a Baltic fleet cruiser which became famous for its participation in the Great October Socialist Revolution. Entered service, 1903; displacement, 6,731 tons; speed, 20 knots; armaments, 8–152 mm, 24–75 mm, and 8–37 mm guns; crew, 578.
During the Russo-Japanese War of 1904–05, the Aurora participated in the Battle of Tsushima (1905). The Aurora was in Petrograd during the February Revolution; on Feb. 28 (Mar. 13), 1917, the crew rebelled and seized control of the ship. During the October armed uprising, on the night of Oct. 24 (Nov. 6), 1917, the Aurora moved up to the Nikolaevskii (now, the Lieutenant Shmidt) Bridge on orders of the Petrograd Military Revolutionary Committee. A party from the Aurora, led by Commissar A. V. Belyshev, seized the bridge, thereby ensuring the passage of Red Guard detachments from Vasil’evskii Island to the center of the city. At 9:45 P.M. on Oct. 25 (Nov. 7), the Aurora gave the signal for the storming of the Winter Palace by firing’ a blank; a landing party from the Aurora participated directly in the armed uprising.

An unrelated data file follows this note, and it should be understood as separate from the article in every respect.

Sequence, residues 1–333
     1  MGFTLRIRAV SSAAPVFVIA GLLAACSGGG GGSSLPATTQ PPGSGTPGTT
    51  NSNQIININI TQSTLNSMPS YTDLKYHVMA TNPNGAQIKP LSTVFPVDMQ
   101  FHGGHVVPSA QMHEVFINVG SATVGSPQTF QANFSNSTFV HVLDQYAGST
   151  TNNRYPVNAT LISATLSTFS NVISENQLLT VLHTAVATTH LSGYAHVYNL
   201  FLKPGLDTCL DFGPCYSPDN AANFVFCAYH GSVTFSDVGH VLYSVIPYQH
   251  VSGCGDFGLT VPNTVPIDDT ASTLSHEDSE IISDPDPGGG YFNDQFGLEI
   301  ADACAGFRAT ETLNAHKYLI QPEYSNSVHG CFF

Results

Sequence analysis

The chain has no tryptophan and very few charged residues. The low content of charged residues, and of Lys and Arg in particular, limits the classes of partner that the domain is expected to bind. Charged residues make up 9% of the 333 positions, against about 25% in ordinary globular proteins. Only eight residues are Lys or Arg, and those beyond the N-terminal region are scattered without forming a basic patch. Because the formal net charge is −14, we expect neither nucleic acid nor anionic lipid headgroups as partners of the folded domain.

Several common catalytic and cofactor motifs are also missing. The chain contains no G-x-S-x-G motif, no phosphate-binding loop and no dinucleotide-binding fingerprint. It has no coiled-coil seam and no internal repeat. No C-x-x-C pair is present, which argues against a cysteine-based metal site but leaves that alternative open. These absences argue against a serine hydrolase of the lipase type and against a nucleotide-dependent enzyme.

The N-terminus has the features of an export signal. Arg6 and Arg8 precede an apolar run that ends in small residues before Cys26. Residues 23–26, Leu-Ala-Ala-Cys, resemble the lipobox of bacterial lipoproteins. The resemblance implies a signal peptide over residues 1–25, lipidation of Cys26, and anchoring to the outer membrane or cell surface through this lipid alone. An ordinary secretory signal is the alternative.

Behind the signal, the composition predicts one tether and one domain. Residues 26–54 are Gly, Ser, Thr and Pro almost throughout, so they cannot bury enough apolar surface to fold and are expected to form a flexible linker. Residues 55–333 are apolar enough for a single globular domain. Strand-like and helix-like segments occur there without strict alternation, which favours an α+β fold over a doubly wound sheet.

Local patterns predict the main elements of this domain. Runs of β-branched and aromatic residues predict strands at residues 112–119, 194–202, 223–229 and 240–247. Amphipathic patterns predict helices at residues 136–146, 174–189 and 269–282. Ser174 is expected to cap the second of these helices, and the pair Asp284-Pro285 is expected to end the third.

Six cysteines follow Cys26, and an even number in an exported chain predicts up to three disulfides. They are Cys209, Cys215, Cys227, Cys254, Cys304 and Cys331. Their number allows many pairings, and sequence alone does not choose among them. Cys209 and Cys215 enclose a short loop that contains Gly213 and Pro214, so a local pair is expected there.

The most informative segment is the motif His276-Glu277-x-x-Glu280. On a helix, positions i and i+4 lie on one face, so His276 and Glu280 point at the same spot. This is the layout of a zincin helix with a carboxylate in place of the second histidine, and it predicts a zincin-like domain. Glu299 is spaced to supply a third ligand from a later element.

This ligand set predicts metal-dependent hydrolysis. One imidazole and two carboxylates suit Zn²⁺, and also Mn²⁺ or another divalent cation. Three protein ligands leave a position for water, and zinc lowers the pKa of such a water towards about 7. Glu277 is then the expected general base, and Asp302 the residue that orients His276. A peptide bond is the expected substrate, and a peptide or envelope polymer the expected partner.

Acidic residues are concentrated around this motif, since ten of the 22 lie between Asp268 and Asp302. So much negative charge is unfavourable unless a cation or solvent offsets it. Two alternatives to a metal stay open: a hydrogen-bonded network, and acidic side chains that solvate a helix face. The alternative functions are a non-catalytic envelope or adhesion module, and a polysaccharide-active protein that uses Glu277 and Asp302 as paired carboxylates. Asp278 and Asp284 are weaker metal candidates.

On Nov. 2, 1927, the Aurora was awarded the Order of the Red Banner for its revolutionary services, and on Nov. 17, 1948, it was permanently moored on the Neva as a monument to the Great October Socialist Revolution. It also serves as a training ship for the Leningrad Nakhimo Naval School. In 1957 a branch of the Central Naval Museum was created on the Aurora. On Feb. 22, 1968, the cruiser was awarded the Order of the October Revolution.
REFERENCESPronin, M. P. Legendarnyi kreiser, 2nd ed. Leningrad, 1960.
Kuleshov, I. M., and B. V. Burkovskii. Kreiser “Avrora.” Leningrad, 1962.